Or Rather What Was ‘The Liverpool Way’
Before his sacking by Liverpool F.C. Brendan Rodgers was considered one of the best managers in the English Premier Soccer League. Without the biting antics of Luis Suarez, and his subsequent ten-match ban, Liverpool may well have won the Premier League and Mr. Rodgers may have lifted the trophy with his players. The following season and despite the Club finishing second the season previously, Mr. Rodgers was fired by the Club.
The strange thing was Brendan Rodgers was a Football Manager who fitted the mould of what a Liverpool Football Manager should be – In fact (and despite his Ulsterman background,) he epitomised what an English Football manager should be. As Liverpool Manager he spoke with a quiet passion with regard to the Hillsborough Disaster before the survivors and relatives of the victims. It is not something I could see his predecessors such as Houllier and Benitez doing. They are literally too foreign and too far removed from the traditions of Liverpool Football Club to fully understand the history of the Hillsborough Tragedy and what it means to the City of Liverpool, let alone Liverpool Football Club. The same could be said of his managerial successor but then he like Houllier and Benitez were hired to produce results but unlike Rodgers, they never came close to winning the English Premiership. Rodgers didn’t win either but he came real close to doing so but unlike the aforementioned he was not given years and the millions they wasted, having nothing to show for it but failure. Okay, Benitez won Europe’s Champion’s League but that means little if you can’t lift the English Premier Trophy.
One of the reasons I am writing this piece, I came across a magazine article, I had ripped out of a magazine about Brendan Rodgers and the story of…’The Liverpool Way’.
The article begins with Brendan Rodgers ushering his guest (the author of the article,) towards a flip chart, situated behind a long sofa on which they had been seated. The pad was thick and well used. The edges of the pages were crumpled. The eye (the author’s,) was drawn to the front page – containing four words. The first letter of each word is written in red felt tip pen. The rest in black:
Further up on the same side of the flip chart, there was a drawing of a stick man with a ‘jagged crown on his head’. Rodgers an intense note taker on the touch-line during matches likes to ‘think in ink’. This was his version of the ‘Liverpool Way’.
“I go through this with every player,” he says.
“First, it’s about vision, an understanding where you are as a player and are going. I need to know where you want to go with the Club and with the team. Have a clear vision, a clear philosophy of how you work, and then have an inherent belief in it. From that, I work on what I call the Core. Every player I meet, everyone I speak to, goes through this. Okay?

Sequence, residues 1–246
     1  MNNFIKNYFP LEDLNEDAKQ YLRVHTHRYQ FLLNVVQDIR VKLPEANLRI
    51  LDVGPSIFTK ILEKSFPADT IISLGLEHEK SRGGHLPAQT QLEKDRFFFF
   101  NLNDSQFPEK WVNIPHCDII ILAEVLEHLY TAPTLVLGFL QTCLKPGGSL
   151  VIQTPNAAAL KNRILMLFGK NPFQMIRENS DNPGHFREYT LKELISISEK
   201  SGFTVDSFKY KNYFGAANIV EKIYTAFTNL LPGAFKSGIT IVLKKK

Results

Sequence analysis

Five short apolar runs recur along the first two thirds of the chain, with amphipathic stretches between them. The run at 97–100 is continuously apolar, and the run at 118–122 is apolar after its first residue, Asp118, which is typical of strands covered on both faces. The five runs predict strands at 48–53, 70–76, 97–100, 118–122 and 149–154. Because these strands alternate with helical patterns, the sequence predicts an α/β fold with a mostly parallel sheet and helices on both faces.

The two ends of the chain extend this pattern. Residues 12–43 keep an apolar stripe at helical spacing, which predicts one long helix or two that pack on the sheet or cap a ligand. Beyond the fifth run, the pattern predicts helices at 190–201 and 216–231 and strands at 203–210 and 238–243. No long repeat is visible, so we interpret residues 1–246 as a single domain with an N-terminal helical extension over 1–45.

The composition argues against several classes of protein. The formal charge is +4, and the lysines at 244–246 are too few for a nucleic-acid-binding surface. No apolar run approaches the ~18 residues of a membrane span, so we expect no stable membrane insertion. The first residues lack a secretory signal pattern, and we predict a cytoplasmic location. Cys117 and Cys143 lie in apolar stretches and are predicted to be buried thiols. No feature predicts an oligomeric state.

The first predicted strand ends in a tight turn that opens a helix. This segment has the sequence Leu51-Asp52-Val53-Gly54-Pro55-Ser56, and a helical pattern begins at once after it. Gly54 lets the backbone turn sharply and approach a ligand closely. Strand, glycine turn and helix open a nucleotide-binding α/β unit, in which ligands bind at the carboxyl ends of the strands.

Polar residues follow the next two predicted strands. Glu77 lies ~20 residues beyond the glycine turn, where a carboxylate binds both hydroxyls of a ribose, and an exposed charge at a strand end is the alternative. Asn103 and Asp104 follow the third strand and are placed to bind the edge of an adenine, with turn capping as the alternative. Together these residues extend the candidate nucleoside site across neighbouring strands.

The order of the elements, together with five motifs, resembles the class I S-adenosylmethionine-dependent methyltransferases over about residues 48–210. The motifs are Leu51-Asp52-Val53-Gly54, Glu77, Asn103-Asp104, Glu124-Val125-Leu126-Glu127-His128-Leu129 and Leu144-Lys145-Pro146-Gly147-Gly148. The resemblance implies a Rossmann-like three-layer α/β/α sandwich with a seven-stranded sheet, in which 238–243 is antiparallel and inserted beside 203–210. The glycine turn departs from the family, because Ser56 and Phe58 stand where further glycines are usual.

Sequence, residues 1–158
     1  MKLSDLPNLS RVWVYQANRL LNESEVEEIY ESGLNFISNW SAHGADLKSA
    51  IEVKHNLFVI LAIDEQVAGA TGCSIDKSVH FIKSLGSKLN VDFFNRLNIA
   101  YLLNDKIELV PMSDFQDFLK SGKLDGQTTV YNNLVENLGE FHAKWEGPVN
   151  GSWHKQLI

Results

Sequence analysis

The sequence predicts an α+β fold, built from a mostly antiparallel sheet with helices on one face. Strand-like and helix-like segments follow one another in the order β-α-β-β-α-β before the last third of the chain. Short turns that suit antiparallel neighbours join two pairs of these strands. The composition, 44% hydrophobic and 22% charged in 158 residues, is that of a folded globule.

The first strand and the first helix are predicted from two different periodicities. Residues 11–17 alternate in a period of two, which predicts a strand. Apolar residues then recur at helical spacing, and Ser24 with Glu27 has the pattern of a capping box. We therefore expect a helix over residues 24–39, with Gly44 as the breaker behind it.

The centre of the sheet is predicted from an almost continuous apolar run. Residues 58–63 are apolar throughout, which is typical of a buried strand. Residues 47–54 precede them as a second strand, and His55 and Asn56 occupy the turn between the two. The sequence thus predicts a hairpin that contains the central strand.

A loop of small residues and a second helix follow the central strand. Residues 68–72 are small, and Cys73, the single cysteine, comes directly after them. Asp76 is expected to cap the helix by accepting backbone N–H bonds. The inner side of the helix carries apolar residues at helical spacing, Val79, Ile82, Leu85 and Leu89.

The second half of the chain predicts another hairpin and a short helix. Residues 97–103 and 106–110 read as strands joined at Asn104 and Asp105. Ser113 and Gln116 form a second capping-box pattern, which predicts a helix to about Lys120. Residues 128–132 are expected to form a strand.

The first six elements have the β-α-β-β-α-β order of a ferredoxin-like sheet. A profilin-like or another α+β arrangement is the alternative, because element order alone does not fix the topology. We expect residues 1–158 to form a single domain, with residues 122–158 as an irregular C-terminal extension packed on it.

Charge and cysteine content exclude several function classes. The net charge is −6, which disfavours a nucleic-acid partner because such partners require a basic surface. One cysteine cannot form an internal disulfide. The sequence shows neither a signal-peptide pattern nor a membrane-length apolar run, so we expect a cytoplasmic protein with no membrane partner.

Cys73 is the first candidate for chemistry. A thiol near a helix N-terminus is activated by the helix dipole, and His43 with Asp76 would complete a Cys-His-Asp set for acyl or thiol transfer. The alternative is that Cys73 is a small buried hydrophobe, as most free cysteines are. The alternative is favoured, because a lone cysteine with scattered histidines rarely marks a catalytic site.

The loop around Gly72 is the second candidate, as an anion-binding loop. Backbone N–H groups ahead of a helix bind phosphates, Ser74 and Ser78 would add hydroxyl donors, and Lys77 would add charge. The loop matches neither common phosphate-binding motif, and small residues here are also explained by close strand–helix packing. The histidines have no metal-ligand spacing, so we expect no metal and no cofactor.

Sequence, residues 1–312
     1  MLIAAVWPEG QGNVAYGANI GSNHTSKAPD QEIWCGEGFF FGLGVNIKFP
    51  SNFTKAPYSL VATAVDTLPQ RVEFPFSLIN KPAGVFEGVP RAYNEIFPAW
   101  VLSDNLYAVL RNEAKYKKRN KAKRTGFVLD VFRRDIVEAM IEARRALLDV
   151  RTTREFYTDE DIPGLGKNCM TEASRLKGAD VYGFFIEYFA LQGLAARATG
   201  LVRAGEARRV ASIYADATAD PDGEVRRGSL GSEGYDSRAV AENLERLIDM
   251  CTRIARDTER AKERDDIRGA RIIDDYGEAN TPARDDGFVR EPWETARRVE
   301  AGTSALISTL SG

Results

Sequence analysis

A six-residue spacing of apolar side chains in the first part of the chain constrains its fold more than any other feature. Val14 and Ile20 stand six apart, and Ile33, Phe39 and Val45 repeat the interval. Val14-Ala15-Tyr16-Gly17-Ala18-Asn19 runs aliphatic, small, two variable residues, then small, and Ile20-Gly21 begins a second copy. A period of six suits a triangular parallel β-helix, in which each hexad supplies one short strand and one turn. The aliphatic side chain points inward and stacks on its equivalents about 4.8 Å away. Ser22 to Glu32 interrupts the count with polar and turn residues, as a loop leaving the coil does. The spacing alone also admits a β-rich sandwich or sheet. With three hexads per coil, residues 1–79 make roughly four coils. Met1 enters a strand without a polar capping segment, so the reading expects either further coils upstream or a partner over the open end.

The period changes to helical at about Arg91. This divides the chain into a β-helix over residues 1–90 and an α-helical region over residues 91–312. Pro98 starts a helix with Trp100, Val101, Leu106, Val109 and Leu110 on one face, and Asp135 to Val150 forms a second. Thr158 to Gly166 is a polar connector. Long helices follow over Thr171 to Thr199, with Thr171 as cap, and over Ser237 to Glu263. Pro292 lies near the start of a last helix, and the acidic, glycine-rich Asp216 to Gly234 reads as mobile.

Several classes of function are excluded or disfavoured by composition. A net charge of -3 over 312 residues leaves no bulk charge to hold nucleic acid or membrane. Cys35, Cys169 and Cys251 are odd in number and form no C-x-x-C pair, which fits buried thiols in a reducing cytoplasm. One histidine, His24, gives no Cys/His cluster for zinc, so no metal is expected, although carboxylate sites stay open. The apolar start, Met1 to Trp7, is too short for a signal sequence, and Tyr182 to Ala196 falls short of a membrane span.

“I first need them to understand the ‘Commitment’ of what it takes to work every day. I don’t need players motivated, because some days you get up and you’re not motivated. But if you’re a life-saving surgeon, you work on commitment. If you do five operations a day and save people’s lives, you might be motivated for the first four, but the fifth guy needs you like the first one? So you need to commit to your work. No matter how you feel, it’s about being committed.
“What we’ll then do is ‘Organise’ a system to enable you to be your best. No matter how old you are or how young you are, you want to be the best you can be. I will help you with the infrastructure here, to make a plan for you to maximise your potential. From that moment on, I make it clear it’s your ‘Responsibility’.
“What I say to players is this: ‘The crown is on your head, my friend. You are the King of your destiny. Don’t come crying to me. I will put everything in place for you. I will open with my communication. I won’t waste my life telling you something in six months’ time that I can tell you now.
“’So you take the responsibility to be the best you can be, and do all that we ask you to do. Commit to our play. You will have a greater chance of ‘Excellence’. You may not always be at your best, but the responsibility is with you.’”
There is much I take away from Brendan Rodger’s philosophy of doing things ‘The Liverpool Way’. As a performer, whether I work as an actor or not, whatever I do I go the extra mile in committing myself, organizing and taking responsibility for my actions, learning from my mistakes, ever raising the bar of ‘Excellence’.
Since I read this article back in August 2015, history has overtaken events as I mentioned earlier. Brendan was fired the following season after the magazine article was published.
Re-reading the article prior to writing this, I wonder how committed the Liverpool players were to taking responsibility and producing the excellence demanded of doing things ‘The Liverpool Way’.
But if one is picking up tens of thousands a week in wages just to show up, then sadly when young men take this attitude, the axe seldom falls their way but the way of the manager.
Again as a Performer, there is much to Brendan Rodger’s philosophy I have taken on-board in my acting career and working life. I don’t earn tens of thousands each week – far from it! The opposite is true. I have worked in theatre – trod the boards – never paid a pen for my efforts and still had to produce the same excellence expected of me if I was actually paid the £500GBP per week Equity Union rate for working in professional theatre. I tired of the exploitation and came to my senses.
Brendan Rodgers’ philosophy ‘The Liverpool Way’ is an excellent benchmark for ‘Excellence’. His CORE Principles are to be emulated. Pity the players – The Team and the Club failing to recognise the long-term benefits of doing things ‘The Liverpool Way’.